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Alex Nemiroski

I'm 4th year applied physics student in the Westervelt Lab. I used to study Quantum Computing, but recently switched to biosensing. I'm using this course to gain new perspective on physics and also get back into the habit of thinking about new concepts on a weekly basis.

Final Project: Digital Microfluidics with Electrowetting


Over the past decade there has been a large amount of attention given to developing miniaturized systems capable of doing biochemical analysis primarily for medical applications. This "lab-on-a-chip" concept aims to reduce an entire laboratory worth of highly expensive equipment down the size of one small cheap device which can not only perform the same tests as its larger counterparts, but also more accurately, faster, with less consumption, and with a potential to someday be implanted in the human body to do realtime medical testing. The realization of this technology is heavily dependent on liquid transport in small volumes and thus microfluidics.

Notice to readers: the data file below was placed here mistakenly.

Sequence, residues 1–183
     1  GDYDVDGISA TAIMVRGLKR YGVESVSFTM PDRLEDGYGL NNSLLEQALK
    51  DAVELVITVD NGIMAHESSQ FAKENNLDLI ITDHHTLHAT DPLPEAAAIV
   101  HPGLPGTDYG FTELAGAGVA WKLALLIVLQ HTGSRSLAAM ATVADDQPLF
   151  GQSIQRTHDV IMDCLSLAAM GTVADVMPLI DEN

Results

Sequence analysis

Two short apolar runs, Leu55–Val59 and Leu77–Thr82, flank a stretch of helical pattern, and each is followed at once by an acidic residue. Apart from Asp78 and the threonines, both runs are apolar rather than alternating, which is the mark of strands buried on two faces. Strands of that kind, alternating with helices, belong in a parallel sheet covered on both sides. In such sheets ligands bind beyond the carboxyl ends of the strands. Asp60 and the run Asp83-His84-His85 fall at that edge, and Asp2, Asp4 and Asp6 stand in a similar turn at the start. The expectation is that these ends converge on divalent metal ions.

Most current microfluidic 'lab-on-a-chip' devices utilize fixed channels for fluid flow and rely on continuous pressure driven flow to actuate the device. Most advanced techniques in microfluidic channel fabrication allow for extremely dense and complicated patterns to created, with many tens or even hundreds of centers for various biochemical analysis to be performed in parallel. While this approach has been very successful, it is very limited and rigid in that once a chip is created for a specific purpose, it cannot be used for anything else, and thus for each different type of test, a different chip is required. This approach also requires high pressures, highly complex fabrication, and most importantly difficult to control, since each different fluid is driven by a separate pressure source, which requires in many cases an unmanageably large volume of tubes to interface with the chip.